The best-selling book on the Israel/Palestine conflict, My Israel Question - on Jewish identity, the Zionist lobby, reporting from Palestine and future Middle East directions - was released by Melbourne University Press in 2006. A new, updated edition was released in 2007 (and reprinted again in 2008). The book was short-listed for the 2007 NSW Premier's Literary Award. Another fully updated, third edition was published in 2009. It was released in all e-book formats in 2011. An updated and translated edition was published in Arabic in 2012.

Amnesia rules

It is now two days since Seymour Hersh published his stunning report in the New Yorker about Iraq’s rigged January election. As yet, the Australian media has completely ignored the revelations. We shouldn’t be surprised. While Prime Minister John Howard is in Washington and the media focuses on back-slapping and delusions over Iraq, a new study indicates that around 25,000 Iraqis have been killed since the 2003 invasion, more than a third caused by US forces.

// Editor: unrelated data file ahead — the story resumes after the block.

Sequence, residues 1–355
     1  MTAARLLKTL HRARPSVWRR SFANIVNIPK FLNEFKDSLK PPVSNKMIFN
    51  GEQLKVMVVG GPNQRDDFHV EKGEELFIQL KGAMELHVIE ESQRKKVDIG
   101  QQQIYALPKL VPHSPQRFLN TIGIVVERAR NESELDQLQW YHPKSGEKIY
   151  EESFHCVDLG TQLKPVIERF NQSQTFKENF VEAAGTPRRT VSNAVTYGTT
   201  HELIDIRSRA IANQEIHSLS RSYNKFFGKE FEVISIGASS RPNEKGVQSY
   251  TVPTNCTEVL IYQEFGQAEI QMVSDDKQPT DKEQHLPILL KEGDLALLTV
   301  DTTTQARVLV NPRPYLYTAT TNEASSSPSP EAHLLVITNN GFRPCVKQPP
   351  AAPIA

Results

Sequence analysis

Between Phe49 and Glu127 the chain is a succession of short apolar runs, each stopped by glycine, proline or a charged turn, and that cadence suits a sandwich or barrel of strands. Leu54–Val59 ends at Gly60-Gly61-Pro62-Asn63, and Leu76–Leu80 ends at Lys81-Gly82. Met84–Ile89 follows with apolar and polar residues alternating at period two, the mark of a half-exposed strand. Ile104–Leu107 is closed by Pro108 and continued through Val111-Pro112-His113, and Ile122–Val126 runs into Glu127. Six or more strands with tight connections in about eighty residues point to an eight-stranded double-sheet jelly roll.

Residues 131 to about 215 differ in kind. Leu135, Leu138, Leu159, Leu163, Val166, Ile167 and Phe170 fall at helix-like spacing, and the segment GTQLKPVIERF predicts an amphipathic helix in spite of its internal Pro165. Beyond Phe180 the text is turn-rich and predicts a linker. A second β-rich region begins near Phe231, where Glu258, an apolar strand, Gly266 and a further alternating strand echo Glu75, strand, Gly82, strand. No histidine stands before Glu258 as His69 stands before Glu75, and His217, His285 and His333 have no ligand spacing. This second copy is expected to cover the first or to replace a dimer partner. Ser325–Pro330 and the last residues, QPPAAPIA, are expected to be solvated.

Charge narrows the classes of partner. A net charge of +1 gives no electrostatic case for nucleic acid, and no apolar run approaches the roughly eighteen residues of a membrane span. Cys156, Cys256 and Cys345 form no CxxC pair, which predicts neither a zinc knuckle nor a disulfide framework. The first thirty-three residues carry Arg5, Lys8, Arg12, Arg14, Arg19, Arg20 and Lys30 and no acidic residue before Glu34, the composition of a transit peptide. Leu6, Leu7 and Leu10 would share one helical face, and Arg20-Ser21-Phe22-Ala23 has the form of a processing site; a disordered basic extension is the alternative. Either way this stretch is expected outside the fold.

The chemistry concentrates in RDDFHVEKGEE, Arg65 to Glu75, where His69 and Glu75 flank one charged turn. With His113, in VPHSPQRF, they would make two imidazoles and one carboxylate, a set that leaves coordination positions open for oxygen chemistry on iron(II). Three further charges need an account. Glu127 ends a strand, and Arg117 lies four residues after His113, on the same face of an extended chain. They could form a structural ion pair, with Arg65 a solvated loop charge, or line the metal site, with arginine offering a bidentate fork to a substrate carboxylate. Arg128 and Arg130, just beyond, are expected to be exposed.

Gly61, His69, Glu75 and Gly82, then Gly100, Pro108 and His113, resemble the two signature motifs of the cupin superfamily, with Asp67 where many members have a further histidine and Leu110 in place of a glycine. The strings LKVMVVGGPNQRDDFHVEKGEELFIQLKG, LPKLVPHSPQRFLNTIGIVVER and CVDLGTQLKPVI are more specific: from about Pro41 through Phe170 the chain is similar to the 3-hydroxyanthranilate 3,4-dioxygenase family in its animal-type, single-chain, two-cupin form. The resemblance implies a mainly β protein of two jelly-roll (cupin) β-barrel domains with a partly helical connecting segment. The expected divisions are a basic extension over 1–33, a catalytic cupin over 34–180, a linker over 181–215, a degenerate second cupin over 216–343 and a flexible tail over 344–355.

These figures, if correct, rather make a mockery of Howard’s calls to “stay the distance in Iraq [and] we won’t go until the job is finished.” How many deaths are justified as “liberation?” And when exactly will the job be done?

The mainstream media’s amnesia on matters of reality in Iraq is today examined by Tom Dispatch. American Mark Danner has written extensively about the failure of the US media to highlight the growing amount of disastrous news emerging from Iraq. When the now infamous Downing Street Memo was released, much of the US press ignored it. Michael Kinsley, editorial and opinion editor for the Los Angeles Times, “wrote a piece typical of this mainstream moment in the Washington Post, (No Smoking Gun), discounting the importance of the Downing Street Memos as, among other things, no more than “an encouraging sign of the revival of the left. Developing a paranoid theory and promoting it to the very edge of national respectability takes a certain amount of ideological self-confidence.””